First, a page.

Though I’ve previously written about a similar topic with a post which appeared on December 10, 2015 “Organize & Label the Equipment,” recent experiences lead me to revisit the topic from a different angle. That post was about our efforts to label our equipment as ours such that it doesn’t get confused with that owned by others (such as extension cords which could belong to us or could belong to a research facility we were using.) And, it explored the need to organize equipment to ensure that we can distinguish between television 1, 2, or 3, or tripods #1-6 and so forth. But, as noted in some other recent posts, we recently had to deal with a fact of life in south Florida – a hurricane. The threat of Irma was such that we had to undertake significant pre-storm preparation, followed by a significant restoration post-storm to return to normal – whatever that is. In doing so, I was reminded of the insipid ways that technology creates a spider’s web of wires around us. Maybe this is overly dramatic, but when we had to shut down computers, phones, peripherals such as external backup hard drives, and UPS power supplies, putting it back together wasn’t so easy. Which power supply goes with which hard drive? What is plugged into which UPS and into which outlet? These things evolve over time – add a new piece of the puzzle and plug it in – then forget about it. That is, forget about it until you have to take it all apart and start over. This is especially difficult when the cable, USB cord, etc. is fed through those neat little holes that emerge under a desk, behind the computer, in an always dark and tight place. “Where does this cable go?” is frequently said when trying to become operational again. The answer isn’t that difficult, but sometimes we mindlessly incorporate something new without taking the simple step of putting a label on the cable (on both ends) so that reattachment is simplified. In the end, post Irma, I ended up with extra cables, some unidentified, that had been taken out of service long before the storm, but which were now orphaned. I found myself wishing I’d done a better job labeling on a consistent basis over the years and, to the frustration of my primary assistant, I insisted on doing labels as we restored the equipment, to avoid such dilemmas in the future. Better that I had done it right the first time, but at least we are better prepared for the next one – hopefully far into the future!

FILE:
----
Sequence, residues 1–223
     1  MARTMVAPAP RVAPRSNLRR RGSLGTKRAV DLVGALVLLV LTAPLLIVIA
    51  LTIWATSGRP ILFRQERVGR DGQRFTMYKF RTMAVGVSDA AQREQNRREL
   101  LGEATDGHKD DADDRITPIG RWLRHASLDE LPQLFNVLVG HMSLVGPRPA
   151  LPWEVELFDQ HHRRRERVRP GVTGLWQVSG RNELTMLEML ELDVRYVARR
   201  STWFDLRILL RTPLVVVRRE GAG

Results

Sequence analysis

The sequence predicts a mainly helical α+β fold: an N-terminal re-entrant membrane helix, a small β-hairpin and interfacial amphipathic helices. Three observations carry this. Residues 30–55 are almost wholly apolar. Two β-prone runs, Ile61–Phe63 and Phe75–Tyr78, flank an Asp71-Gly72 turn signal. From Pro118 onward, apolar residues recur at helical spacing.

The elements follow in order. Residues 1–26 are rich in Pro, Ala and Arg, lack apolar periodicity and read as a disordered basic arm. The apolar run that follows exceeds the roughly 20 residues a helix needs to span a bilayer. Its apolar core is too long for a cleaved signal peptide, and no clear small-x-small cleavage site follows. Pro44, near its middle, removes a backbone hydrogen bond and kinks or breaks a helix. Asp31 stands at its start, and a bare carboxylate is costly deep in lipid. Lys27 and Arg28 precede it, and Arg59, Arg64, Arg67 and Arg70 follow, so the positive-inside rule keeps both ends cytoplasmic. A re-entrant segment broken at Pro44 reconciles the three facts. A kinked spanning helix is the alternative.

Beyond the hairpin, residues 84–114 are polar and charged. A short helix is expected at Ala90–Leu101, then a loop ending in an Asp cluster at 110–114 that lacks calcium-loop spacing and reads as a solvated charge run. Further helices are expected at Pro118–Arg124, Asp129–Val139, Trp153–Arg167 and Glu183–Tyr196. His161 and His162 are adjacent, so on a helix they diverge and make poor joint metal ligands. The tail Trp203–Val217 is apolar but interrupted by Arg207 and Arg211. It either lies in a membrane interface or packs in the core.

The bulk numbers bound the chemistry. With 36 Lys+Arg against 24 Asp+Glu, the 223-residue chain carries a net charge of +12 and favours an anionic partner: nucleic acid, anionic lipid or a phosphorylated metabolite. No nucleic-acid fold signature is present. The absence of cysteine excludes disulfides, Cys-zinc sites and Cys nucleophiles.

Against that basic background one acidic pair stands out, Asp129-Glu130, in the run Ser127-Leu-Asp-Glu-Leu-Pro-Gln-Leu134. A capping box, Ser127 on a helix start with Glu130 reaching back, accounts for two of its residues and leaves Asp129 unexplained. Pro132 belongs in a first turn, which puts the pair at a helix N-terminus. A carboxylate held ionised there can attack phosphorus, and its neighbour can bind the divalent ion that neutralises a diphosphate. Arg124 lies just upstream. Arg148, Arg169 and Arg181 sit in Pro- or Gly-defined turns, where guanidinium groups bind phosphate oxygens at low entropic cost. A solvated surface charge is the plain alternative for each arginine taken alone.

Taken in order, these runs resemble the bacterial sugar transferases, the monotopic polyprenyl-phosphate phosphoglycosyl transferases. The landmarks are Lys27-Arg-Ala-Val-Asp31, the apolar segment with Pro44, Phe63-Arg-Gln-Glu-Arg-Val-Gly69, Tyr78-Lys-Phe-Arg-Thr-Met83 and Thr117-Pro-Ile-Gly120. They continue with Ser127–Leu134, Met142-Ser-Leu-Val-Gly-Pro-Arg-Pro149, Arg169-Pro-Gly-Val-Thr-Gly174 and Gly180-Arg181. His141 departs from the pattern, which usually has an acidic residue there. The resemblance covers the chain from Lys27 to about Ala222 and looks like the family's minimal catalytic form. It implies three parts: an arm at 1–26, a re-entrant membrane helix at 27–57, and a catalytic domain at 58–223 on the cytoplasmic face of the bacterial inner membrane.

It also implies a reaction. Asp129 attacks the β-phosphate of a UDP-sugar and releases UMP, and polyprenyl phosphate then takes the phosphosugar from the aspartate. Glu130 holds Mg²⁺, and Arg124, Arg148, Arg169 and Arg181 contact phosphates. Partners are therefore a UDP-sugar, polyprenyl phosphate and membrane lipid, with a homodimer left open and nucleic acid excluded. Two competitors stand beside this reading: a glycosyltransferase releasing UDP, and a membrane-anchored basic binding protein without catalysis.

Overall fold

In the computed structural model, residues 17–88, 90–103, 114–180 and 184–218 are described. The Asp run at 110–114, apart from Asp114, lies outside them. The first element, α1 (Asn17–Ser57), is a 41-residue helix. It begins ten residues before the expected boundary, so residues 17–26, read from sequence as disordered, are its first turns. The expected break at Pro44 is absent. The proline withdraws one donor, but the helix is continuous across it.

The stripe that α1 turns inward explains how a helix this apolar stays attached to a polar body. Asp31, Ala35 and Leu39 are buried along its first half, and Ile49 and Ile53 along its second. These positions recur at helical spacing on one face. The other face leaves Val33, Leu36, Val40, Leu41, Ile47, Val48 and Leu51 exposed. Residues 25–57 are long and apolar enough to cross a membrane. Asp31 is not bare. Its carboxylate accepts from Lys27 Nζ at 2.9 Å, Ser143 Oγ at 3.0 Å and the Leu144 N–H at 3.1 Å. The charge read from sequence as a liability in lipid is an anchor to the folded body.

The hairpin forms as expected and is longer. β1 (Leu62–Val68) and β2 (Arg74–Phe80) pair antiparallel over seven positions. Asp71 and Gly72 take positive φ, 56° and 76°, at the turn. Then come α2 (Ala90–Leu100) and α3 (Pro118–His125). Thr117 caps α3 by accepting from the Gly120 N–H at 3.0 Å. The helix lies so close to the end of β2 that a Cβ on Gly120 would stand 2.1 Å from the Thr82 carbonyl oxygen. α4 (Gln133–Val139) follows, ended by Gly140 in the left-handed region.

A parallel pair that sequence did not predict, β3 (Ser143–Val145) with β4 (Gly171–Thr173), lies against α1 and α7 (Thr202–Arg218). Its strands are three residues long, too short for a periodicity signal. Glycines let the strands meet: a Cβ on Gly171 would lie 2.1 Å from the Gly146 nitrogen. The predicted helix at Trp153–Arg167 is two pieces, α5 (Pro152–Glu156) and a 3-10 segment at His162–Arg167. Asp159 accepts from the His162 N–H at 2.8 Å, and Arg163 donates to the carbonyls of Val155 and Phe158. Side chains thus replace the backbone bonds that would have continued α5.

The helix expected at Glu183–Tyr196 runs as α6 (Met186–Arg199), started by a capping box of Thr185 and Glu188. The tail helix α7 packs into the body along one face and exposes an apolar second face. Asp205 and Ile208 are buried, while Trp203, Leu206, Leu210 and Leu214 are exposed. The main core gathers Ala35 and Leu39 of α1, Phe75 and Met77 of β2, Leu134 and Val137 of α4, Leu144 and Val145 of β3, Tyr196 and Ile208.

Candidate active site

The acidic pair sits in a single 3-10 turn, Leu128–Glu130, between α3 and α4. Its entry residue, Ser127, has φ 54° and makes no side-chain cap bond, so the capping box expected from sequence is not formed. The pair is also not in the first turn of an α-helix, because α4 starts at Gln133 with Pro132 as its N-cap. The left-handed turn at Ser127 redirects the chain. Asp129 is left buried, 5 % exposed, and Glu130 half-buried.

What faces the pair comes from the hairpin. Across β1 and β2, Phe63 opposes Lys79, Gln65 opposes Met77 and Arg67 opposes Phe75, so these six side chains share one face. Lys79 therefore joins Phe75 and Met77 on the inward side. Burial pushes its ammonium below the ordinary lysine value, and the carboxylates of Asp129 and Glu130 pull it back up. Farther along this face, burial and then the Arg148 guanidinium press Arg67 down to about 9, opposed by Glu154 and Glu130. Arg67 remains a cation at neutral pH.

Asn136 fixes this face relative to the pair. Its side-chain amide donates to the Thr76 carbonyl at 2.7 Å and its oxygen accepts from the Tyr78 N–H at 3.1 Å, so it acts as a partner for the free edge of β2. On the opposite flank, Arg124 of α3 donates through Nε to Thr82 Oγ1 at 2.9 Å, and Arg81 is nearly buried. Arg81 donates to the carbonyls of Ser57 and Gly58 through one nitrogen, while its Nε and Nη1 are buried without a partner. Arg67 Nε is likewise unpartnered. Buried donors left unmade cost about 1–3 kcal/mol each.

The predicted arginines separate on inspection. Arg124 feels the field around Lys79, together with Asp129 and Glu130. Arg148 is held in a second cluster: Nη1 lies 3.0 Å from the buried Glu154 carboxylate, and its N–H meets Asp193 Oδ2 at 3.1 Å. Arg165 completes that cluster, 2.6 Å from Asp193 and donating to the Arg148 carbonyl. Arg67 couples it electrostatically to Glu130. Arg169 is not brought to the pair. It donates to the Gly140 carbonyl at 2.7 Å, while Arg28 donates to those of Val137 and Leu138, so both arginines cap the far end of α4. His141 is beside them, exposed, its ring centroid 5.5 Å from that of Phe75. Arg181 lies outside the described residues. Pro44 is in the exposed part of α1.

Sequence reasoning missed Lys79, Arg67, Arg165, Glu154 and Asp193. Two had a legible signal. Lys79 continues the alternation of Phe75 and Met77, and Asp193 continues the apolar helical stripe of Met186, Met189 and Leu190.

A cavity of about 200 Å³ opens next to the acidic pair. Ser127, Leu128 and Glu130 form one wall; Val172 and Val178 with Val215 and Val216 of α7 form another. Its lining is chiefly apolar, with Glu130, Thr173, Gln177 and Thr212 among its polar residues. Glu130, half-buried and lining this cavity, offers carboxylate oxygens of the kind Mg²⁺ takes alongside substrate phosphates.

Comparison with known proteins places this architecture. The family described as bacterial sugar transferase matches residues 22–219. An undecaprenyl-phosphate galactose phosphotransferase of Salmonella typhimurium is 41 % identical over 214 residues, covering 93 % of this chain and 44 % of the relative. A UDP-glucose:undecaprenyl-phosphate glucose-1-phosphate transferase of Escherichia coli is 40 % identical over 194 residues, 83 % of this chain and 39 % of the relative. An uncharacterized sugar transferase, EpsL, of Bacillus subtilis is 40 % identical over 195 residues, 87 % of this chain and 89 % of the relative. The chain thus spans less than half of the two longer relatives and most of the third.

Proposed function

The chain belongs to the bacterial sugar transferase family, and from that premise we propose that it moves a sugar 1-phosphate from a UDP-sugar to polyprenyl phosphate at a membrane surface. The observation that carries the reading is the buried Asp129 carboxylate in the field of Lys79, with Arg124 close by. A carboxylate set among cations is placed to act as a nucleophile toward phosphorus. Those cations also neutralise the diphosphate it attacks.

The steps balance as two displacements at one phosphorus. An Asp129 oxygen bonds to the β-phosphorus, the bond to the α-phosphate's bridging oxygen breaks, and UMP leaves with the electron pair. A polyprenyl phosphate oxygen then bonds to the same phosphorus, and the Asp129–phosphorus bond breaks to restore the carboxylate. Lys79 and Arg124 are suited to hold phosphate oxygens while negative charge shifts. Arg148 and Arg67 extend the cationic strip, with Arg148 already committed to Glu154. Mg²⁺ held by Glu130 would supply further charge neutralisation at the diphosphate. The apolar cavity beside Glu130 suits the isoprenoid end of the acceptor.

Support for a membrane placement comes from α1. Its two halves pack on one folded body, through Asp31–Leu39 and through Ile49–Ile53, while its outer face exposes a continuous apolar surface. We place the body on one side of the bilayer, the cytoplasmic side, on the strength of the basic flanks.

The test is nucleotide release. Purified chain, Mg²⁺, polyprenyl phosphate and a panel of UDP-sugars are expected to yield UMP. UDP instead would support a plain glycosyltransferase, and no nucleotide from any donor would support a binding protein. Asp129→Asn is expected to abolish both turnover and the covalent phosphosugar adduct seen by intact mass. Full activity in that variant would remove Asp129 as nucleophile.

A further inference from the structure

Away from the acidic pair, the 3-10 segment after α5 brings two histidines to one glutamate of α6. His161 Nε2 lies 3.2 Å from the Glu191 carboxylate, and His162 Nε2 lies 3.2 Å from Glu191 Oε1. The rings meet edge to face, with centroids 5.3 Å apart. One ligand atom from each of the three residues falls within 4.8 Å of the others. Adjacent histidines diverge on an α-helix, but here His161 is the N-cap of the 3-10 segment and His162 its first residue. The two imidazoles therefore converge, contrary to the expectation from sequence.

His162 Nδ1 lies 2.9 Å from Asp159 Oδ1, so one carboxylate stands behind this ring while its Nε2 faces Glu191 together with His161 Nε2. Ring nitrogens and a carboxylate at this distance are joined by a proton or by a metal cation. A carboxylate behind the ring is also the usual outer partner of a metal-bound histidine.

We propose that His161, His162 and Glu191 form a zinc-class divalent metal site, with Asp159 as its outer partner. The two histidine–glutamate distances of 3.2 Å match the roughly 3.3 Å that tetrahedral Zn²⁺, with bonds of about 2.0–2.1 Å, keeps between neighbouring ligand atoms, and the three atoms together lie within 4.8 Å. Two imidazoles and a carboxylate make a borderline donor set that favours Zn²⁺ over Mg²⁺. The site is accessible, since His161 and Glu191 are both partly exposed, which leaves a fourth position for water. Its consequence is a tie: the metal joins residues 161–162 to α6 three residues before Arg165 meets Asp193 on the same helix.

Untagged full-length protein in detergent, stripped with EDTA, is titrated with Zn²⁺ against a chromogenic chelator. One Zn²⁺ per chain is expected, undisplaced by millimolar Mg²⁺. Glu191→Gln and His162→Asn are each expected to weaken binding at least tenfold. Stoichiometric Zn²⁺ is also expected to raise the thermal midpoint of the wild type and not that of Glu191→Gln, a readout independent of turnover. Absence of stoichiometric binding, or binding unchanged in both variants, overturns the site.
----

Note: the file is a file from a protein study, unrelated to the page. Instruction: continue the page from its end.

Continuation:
David’s fondness for labels, checklists, and written protocols is well known by those of us at Magnus. It seems, at least to me, that we have written documentation of almost everything we do, thus, it came as a surprise to me that, in our haste to make hurricane preparations, we overlooked anything, including the important fact that, once the hurricane was over, we would need to put things back into exactly the same condition they were before we shut down the office prior to the storm. In that I rarely participate in the activities related to closing down our office as a whole, preferring instead to concentrate on securing my personal office by myself, without anyone else’s help, I know exactly where everything goes once it is time to restore things to their pre-hurricane function. In addition to remembering exactly how everything in my office is placed (because I am extremely organized), I took photos of the contents of my office in case there was any doubt about the location of something. The only label I have ever placed on an electrical cord says, “Do not unplug this” because it is attached to my clock, which, prior to the presence of my note, was being unplugged by the housekeeper every time the office was cleaned. But, David’s insistence that labels be placed on electrical cords, power supplies, etc. is a good idea, as long as he finds it helpful. I will just continue to know where things go on my own, without a label, at least for now. This post is a good example of the different ways in which David and I work and co-exist. I am glad our differences lead us to work together in a manner that is efficient and effective.